Newborn babies positively screened for cystic fibrosis (CF) (high serum immunoreactive trypsin (IRT) with DNA analysis) are referred for a diagnostic sweat test, which may be normal (sweat chloride <30 mmol/L). Unless two gene mutations are identified during Newborn screening (NBS), the babies are discharged from follow-up. We wished to check that none had subsequently developed symptoms suggestive of CF. We retrospectively reviewed patient notes and contacted general practitioners of all babies with a negative sweat test, conducted in one of the four paediatric specialist CF centres in London, over the first 6 years of screening in South East England.
Of 511 babies referred, 95 (19%) had a normal sweat test. Five (5%) had CF diagnosed genetically, two of them on extended genome sequencing after clinical suspicion. Eleven (12%) were designated as CF screen positive inconclusive diagnosis (CFSPID); one of the five CF children was originally designated as CFSPID. Seventy-nine (83%) were assumed to be false-positive cases and discharged; follow-up data were available for 51/79 (65%); 32/51 (63%) had no health issues, 19/51 (37%) had other significant non-CF pathology.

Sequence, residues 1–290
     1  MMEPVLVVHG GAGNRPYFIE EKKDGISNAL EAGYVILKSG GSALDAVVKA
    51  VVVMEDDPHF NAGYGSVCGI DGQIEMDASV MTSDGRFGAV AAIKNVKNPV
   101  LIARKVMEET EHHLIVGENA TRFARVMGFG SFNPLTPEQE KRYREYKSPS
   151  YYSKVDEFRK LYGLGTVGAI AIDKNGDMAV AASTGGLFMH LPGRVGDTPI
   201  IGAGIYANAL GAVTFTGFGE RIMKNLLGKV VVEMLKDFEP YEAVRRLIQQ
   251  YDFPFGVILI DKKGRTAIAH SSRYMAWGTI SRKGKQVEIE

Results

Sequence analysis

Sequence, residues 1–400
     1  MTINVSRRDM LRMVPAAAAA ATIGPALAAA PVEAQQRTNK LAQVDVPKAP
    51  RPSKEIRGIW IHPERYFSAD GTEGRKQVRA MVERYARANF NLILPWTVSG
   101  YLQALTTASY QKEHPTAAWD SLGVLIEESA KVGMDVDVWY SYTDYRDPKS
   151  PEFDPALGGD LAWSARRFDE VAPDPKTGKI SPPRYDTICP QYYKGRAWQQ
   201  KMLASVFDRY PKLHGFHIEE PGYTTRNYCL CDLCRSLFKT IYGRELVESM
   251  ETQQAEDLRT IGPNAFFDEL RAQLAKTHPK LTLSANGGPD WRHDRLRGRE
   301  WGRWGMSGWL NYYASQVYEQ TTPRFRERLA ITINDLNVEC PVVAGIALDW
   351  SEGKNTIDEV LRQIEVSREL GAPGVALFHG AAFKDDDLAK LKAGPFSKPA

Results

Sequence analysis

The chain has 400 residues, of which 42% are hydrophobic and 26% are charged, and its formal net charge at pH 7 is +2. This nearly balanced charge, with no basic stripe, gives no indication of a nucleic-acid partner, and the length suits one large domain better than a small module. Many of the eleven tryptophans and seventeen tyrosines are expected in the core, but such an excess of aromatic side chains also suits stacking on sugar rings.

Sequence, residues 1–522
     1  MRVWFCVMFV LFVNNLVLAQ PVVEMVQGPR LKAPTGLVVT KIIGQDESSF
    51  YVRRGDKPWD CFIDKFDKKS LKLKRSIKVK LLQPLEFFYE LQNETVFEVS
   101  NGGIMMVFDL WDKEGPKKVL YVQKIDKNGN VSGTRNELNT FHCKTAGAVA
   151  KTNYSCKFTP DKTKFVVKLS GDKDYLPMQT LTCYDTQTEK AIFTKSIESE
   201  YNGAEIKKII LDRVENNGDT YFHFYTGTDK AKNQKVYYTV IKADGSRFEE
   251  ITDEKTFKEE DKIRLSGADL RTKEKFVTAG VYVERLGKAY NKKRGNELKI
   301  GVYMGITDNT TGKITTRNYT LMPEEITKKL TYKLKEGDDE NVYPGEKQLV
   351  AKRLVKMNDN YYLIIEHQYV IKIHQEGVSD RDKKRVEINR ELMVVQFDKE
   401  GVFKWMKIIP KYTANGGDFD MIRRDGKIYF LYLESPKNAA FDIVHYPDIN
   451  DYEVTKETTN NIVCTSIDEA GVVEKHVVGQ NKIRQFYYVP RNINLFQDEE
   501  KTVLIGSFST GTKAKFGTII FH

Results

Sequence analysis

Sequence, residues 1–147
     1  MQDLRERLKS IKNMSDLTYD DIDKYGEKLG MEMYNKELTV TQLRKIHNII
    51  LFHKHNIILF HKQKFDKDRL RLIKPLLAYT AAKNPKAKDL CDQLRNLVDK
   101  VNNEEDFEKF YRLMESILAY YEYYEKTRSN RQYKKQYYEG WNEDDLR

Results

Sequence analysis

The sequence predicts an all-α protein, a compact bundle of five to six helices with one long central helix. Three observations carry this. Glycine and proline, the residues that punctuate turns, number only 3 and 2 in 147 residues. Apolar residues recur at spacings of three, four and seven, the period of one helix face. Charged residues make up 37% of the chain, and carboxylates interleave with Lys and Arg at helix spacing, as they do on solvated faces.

These results are reassuring in that within the limitations of those lost to follow-up, CF symptoms have not emerged in the discharged children. The high non-CF morbidity in these children may relate to known causes of high IRT at birth. Clinicians need to be aware that a child can have CF despite a normal sweat test following NBS, and if symptoms suggest the diagnosis, further testing, including extended genome sequencing, is required.
- cystic fibrosis
Statistics from Altmetric.com
Competing interests None declared.
Provenance and peer review Not commissioned; externally peer reviewed.
If you wish to reuse any or all of this article please use the link below which will take you to the Copyright Clearance Center’s RightsLink service. You will be able to get a quick price and instant permission to reuse the content in many different ways.